On May 8, 1999, Dana and Robert Menchaca visited Menchaca's mother in Moore, Oklahoma, on the way to California. During the visit, Plato complained of feeling unwell and took several doses of the painkiller Lortab and the muscle-relaxant Soma before going to rest in her Winnebago with Menchaca. When Robert woke up, he discovered that Dana had passed away in her sleep at the age of 34. Her death was eventually ruled a suicide "because of the high level of drugs and her history of suicidal tendencies." Plato was cremated, and her ashes were spread over the Pacific Ocean. In 2000, Fox aired a TV movie about Dana called "After Diff'rent Strokes: When the Laughter Stopped," and NBC broadcast "Behind the Camera: The Unauthorized Story of Diff'rent Strokes" in 2006. Plato's son, Tyler, never truly came to terms with his mother's death, and he died by suicide on May 6, 2010, at the age of 25. Tyler's paternal grandmother, Joni Richardson, said of him, "He had his mother's name on his hand, on his arm, and right across his finger. He was putting her ashes in with the ink." After Tyler's death, Richardson found a note in his bedroom that read "The only moments of happiness for me are when I'm real high and don't think about the past or I'm real drunk and not able to."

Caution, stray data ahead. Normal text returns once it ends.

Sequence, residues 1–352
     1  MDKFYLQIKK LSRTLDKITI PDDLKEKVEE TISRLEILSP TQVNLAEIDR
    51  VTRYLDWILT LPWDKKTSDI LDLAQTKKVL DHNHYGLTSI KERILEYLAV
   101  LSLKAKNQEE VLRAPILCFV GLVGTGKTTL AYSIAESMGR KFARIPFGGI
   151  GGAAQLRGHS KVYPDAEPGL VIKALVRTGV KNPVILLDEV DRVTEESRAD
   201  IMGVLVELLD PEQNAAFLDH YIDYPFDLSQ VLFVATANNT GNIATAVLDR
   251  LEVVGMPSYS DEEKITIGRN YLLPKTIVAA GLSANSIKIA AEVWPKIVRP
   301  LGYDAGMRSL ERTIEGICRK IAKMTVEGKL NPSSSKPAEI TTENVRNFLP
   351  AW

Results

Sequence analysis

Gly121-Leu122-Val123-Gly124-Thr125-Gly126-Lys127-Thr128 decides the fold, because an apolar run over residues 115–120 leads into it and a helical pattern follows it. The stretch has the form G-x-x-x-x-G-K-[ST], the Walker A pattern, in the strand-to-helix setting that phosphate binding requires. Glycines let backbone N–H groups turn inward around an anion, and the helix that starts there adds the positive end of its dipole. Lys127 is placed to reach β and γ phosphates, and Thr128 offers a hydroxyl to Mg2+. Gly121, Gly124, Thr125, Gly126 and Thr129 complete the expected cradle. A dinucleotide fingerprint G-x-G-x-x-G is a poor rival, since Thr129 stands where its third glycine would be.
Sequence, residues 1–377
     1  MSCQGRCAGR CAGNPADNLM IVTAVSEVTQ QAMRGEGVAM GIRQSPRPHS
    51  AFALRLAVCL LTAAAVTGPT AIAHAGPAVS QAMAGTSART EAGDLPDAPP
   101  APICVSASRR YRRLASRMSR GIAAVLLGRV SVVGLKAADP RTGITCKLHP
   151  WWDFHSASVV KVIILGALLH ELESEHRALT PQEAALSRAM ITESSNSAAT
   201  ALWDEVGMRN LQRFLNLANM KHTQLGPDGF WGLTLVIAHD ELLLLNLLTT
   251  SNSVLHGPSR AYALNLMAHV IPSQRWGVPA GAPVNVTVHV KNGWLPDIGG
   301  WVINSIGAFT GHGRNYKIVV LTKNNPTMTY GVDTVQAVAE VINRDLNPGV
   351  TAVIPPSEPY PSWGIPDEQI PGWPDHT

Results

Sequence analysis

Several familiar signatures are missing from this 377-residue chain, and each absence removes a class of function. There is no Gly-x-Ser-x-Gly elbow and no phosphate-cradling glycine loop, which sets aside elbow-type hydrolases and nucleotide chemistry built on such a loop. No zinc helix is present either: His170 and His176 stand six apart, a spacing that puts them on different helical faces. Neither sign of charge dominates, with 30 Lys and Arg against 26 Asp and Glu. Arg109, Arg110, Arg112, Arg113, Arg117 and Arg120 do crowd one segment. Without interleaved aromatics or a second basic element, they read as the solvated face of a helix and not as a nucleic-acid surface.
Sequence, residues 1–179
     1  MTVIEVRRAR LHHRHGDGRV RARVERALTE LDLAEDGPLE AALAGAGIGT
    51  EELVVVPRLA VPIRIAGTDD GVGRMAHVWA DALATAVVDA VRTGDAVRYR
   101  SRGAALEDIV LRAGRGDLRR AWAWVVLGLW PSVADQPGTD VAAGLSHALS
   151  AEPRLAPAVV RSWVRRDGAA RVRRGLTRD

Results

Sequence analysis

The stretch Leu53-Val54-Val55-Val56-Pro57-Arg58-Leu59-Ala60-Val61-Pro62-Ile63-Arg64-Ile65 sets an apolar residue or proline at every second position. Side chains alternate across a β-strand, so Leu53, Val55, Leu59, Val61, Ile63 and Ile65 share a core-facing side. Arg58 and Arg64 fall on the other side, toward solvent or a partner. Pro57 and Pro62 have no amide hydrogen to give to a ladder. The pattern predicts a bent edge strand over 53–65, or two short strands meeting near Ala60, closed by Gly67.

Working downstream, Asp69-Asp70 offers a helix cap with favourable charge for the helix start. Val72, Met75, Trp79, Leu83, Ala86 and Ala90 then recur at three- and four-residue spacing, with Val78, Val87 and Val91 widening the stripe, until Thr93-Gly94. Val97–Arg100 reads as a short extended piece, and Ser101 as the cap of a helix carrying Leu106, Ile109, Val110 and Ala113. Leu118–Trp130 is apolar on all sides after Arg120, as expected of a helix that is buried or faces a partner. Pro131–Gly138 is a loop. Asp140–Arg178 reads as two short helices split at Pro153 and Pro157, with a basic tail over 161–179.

Award Nominations

Plato was nominated for three Young Artist Awards: Best Young Actress in a Television Series for "Diff'rent Strokes" in 1981, Best Young Actress in a Television Special for "A Step in Time" in 1982, and Best Young Actress in a Comedy Series for "Diff'rent Strokes" in 1984. After Dana's death, the "Diff'rent Strokes" cast earned TV Land Award nominations for Quintessential Non-Traditional Family in 2003 and 2004.

All net worths are calculated using data drawn from public sources. When provided, we also incorporate private tips and feedback received from the celebrities or their representatives. While we work diligently to ensure that our numbers are as accurate as possible, unless otherwise indicated they are only estimates. We welcome all corrections and feedback using the button below.
Did we make a mistake?
Submit a correction suggestion and help us fix it!
Submit a Correction